But however much preparation may now be underway for action against Iran, any plan for further military strikes in the middle east faces serious problems. Iraq itself remains deeply unstable, and there is no pretence that the 30 January elections will make much difference. All indications are that the insurgency is deeply embedded, has a vigorous life of its own, and that its sustained attacks on the energy infrastructure are particularly effective in damaging any kind of lasting reconstruction.

In such circumstances, to initiate military action against Iraq’s neighbouring countries might have some limited military effect on the insurgency, but it would be greatly outweighed by a further increase in antagonism to the United States across the region. If Syria is a major potential target, the implication of Hersh’s New Yorker article is that the Pentagon civilian leadership more clearly have Iran in their sights. The huge range of difficulties facing any US military action against the regime in Tehran makes this judgment especially significant.

The Tehran conundrum

These difficulties are highlighted by the impressive way that Iran is rapidly forging links with other major global players. In November 2004, Iran concluded a deal worth $70 billion over twenty-five years to export liquefied natural gas to China, a country that will soon be second only to the United States in its demand for imported oil.

More recently, the National Iranian Oil Company concluded an agreement with India worth $40 billion over a similar timescale. This also involves exports of liquefied natural gas, but in addition Indian contractors will be involved in developing two new natural gas fields in Iran and one new oil field.

These agreements supplement existing close cooperation between Iran and Russia. They demonstrate how Iran’s political leadership is systematically developing long-term links with key states. The economic benefits are evident but the political implications, given Iran’s current tense relationship with the US, may be even more important.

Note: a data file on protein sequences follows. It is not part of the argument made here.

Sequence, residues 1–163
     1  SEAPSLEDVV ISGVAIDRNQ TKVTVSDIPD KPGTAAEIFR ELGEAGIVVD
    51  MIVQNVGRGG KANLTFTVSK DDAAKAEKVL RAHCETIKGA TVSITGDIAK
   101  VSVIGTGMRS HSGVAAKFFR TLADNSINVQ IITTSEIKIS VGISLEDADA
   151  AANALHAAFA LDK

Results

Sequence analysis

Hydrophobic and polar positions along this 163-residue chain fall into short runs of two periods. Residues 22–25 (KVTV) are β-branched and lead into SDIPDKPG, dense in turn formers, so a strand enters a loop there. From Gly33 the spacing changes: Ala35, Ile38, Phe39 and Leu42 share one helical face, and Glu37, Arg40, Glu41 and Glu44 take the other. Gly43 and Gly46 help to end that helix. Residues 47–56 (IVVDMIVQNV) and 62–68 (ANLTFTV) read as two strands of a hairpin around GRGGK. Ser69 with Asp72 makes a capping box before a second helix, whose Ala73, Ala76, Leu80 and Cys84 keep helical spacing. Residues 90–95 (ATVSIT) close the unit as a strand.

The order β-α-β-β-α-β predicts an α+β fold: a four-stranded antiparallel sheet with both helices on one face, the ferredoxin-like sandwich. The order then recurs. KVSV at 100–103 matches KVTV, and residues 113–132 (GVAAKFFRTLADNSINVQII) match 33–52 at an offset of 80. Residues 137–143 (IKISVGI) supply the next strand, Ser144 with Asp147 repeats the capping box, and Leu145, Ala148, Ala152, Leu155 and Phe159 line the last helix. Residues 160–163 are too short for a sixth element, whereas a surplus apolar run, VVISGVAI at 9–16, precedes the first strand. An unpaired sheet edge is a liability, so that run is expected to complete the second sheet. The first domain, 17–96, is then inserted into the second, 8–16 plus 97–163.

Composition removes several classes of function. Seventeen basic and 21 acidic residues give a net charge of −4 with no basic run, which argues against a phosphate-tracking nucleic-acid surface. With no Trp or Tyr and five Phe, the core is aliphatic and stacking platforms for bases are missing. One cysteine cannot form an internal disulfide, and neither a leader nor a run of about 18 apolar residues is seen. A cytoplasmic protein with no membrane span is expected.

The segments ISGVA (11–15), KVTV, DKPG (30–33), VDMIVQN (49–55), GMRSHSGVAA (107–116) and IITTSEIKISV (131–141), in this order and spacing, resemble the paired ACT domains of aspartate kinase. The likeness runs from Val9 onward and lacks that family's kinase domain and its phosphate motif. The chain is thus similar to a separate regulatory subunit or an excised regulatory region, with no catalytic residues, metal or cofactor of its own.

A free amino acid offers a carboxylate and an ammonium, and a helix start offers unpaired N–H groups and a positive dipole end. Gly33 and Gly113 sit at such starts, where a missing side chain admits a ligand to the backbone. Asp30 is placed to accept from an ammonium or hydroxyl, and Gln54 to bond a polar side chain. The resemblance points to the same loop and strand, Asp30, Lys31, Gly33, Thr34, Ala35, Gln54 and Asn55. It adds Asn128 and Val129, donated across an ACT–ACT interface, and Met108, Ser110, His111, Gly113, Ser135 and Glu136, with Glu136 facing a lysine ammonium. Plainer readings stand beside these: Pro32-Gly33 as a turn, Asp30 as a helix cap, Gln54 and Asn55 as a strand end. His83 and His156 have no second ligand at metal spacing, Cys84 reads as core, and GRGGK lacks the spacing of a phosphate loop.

These benefits make it well nigh impossible for the US to organise effective economic sanctions against Iran, should it try to do so. Iran has significant oil reserves, around 10% of the world total. Its share of world gas reserves is even higher, second only to Russia in the world league. India, China and others recognise this only too well. The natural gas deals are clear examples of a planning outlook that is measured in decades.

In one sense, this reduces the options for the US and might appear to make a military alternative more likely. If it occurs such action would be targeted against a state with increasingly close links with the two emerging Asian great powers, not an isolated pariah state such as the Iraq of Saddam Hussein. Yet none of this means that the neocons are going to be distracted from seeking regime change in Tehran. Indeed, the real significance of Hersh’s New Yorker piece, along with many other recent indications from Washington, is that their vision is very largely unaffected by realities in Iraq, or indeed across the middle east as a whole.

The near-messianic view of the New American Century is not just still in place: it has been reinvigorated by the November election. The implications for the middle east, for Europe and the wider world are profound and dangerous.

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Milton Frihetsson, 03:54